You can purchase feminized seeds from a seed bank which means you will get 100% females and don’t have to worry about male marijuana plants. Only female cannabis plants produce bud. Learn more about male and female cannabis plants.

You can breed your own seeds by mating two cannabis plants, which gives you a basically unlimited supply of seeds

Seeds give you the best chance of a ‘clean slate’ which means you plants won’t come with any sort of disease or pests

Cons:

Not all seeds will germinate

Old seeds or improperly stored seeds may be slow growing

If using non-feminized seeds, about half of the plants will end up being male, which do not produce buds. Learn how to identify male plants right away.

Seeds can take a little more time than clones to get started growing and be ready for harvest, since clones are usually already “mature” and established when you start growing

Costs can add up if purchasing seeds for every grow, and famous strains can cost quite a bit of money per seed

Creating your own seeds will save you monetary cost, but there is still a cost in time (and effort) to cross together two plants to make seeds

Seeds are a good way for many people to start growing because they can be easily purchased off the internet. Where can I safely purchase cannabis seeds?

Sometimes you will find good seeds (bagseed) in marijuana that you have purchased which can definitely be used to start growing. The downside of using seeds that you find is you will have no idea what to expect as far as growth, yields, or size. The bud quality of bagseed is often different from the buds it came from, since it is not a stablized strain. It could be like the bud it was found it, or it could be completely different.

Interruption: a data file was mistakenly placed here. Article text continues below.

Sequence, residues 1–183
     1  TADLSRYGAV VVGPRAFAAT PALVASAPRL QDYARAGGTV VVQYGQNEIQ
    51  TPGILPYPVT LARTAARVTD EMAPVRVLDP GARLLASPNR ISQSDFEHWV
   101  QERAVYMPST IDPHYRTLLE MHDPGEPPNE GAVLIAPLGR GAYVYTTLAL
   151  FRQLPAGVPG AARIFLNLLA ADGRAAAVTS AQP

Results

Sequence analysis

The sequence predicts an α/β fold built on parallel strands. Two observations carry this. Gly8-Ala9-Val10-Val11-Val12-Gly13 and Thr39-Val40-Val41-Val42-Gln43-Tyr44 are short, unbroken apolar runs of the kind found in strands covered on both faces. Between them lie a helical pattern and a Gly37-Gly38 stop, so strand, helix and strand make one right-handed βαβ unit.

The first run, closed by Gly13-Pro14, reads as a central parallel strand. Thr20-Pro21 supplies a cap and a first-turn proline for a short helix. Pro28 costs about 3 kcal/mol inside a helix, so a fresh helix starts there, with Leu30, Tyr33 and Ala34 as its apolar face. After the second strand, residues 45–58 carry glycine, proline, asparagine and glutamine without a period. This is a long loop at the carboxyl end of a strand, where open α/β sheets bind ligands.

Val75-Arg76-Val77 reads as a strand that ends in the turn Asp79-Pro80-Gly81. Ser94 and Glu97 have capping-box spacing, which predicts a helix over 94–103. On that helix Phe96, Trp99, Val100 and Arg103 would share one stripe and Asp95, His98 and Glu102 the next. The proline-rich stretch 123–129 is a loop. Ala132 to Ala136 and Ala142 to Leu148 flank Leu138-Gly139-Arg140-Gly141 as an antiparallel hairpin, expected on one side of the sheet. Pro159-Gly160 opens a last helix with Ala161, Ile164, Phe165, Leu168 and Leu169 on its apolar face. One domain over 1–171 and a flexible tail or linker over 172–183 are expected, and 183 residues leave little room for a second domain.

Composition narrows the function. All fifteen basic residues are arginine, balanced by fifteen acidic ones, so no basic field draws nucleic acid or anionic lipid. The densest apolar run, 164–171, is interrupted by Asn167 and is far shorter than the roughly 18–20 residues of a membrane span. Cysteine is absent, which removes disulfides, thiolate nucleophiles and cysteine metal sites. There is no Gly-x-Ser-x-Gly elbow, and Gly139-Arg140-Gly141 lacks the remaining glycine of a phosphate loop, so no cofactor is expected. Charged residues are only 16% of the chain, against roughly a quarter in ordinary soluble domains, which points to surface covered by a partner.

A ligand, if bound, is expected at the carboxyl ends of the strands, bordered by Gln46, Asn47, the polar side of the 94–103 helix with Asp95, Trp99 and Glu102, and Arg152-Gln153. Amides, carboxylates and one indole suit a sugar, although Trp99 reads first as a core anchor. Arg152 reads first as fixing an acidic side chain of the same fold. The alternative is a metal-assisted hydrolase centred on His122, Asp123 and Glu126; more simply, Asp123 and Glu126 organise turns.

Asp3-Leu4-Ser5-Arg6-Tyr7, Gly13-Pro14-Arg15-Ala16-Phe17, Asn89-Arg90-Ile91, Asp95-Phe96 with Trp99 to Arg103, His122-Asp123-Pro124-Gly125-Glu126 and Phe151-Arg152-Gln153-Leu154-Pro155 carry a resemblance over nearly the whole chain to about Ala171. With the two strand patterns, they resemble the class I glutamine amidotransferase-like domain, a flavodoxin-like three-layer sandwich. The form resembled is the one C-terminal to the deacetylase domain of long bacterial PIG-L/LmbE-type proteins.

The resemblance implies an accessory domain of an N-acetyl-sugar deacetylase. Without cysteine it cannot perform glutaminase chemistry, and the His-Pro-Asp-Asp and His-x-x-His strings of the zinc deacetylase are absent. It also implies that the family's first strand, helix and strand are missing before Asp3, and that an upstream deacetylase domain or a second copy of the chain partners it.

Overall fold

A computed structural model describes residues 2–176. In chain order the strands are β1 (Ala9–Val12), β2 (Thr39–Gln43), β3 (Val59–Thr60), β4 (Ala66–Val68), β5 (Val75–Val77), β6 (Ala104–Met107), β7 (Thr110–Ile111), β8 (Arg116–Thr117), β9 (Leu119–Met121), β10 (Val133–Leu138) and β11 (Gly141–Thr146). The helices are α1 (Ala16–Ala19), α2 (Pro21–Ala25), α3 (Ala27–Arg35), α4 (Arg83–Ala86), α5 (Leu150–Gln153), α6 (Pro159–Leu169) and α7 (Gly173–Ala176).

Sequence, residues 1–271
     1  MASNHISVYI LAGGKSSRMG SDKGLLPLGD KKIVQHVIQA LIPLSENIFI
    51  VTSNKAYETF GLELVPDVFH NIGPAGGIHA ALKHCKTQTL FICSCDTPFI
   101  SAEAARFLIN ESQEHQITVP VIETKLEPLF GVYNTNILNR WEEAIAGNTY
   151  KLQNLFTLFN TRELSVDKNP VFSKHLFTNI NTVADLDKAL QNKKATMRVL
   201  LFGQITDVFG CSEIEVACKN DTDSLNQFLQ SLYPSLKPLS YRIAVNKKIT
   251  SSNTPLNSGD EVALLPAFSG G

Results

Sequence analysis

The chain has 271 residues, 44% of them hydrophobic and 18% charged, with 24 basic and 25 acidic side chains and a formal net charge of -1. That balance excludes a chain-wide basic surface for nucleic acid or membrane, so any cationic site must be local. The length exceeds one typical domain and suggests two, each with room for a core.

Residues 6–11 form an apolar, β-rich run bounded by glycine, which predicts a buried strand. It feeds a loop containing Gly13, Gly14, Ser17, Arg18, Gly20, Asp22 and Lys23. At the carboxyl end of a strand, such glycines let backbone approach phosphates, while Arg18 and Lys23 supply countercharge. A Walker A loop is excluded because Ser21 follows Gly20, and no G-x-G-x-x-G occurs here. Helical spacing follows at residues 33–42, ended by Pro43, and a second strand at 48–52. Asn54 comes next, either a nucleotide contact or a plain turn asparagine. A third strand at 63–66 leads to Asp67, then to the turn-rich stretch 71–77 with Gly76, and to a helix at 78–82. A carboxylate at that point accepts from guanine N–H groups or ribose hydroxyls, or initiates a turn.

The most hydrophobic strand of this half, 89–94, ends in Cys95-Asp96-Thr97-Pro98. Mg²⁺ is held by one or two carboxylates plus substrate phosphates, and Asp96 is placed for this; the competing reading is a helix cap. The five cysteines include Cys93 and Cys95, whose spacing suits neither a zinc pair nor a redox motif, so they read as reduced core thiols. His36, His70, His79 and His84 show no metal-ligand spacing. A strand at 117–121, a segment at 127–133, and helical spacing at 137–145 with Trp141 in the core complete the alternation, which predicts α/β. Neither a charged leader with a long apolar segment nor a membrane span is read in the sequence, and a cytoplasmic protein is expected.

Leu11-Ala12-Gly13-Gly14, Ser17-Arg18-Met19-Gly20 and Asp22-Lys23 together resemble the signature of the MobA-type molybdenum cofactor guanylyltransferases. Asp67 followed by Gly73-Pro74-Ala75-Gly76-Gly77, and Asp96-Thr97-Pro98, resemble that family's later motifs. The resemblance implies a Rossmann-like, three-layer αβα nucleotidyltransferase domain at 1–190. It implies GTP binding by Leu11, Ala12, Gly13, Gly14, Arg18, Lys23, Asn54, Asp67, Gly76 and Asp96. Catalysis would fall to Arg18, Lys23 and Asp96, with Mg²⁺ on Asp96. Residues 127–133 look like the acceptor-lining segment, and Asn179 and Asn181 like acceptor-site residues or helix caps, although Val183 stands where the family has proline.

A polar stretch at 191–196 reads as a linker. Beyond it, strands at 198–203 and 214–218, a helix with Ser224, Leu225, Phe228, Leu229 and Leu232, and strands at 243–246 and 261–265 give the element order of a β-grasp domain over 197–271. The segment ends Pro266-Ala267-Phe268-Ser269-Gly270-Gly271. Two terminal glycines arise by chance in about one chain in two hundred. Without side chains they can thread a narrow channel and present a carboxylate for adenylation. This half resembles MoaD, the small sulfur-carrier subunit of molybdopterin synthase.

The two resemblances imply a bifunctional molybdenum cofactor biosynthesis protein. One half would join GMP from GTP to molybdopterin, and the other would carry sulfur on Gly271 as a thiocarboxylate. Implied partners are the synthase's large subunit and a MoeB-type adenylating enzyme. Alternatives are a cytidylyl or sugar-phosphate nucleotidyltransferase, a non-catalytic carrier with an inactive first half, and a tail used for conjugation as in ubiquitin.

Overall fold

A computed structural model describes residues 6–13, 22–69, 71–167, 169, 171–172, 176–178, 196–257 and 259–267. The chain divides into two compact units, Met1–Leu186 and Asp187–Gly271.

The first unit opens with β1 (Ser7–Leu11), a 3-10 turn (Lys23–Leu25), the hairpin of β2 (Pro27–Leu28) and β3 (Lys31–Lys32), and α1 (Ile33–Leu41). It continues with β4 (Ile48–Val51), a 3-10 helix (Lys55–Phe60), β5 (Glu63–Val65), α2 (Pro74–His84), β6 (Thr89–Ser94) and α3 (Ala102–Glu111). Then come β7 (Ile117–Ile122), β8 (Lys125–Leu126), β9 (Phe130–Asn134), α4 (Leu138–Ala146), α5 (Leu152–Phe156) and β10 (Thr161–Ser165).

See also  What To Do With Weed Seeds

When using unknown seeds, you will need to determine the gender your plants as they are growing to prevent any males from pollinating your females.

Healthy seeds should be dark brown or light grey. If you find seeds which are small and white, they are likely immature and won’t germinate properly.

Healthy seeds can be stored in a cool dark place, or your fridge until you’re ready to use them(don’t freeze them).

Seeds which are kept in a cool, dark place remain viable for years, though after a few years you will notice that they take a bit longer to germinate and you may get a few more duds than with fresh seeds. Seedlings from older seeds can also be really slow growing even if you’re giving them perfect conditions.

Starting With Cannabis Clones

Pros:

Guaranteed gender – if the mother plant was female, the clone will be female too

Clones usually have a head start compared to starting with a seed, since clones are usually already mature and established when you start growing with them. Compared to seeds, clones usually have an overall shorter grow period and therefore will be ready to harvest a bit more quickly.

Clones can be quickly grown into a ‘mom’ and recloned, for a constant source of new plants. You can clone any plant to create an unlimited amount of plants

Since clones are genetically identical to their mother plant, you know almost exactly what you’re getting. Although there is some variance even between clones, they tend to grow much more alike than two random plants.

Rooted clones can be coaxed to flower almost immediately if time or space is an issue

Cons:

Clones can be harder to find compared to seeds – many people don’t know a cannabis grower in real life, and seeds are really easy for almost anyone to get due to the availability of online seed banks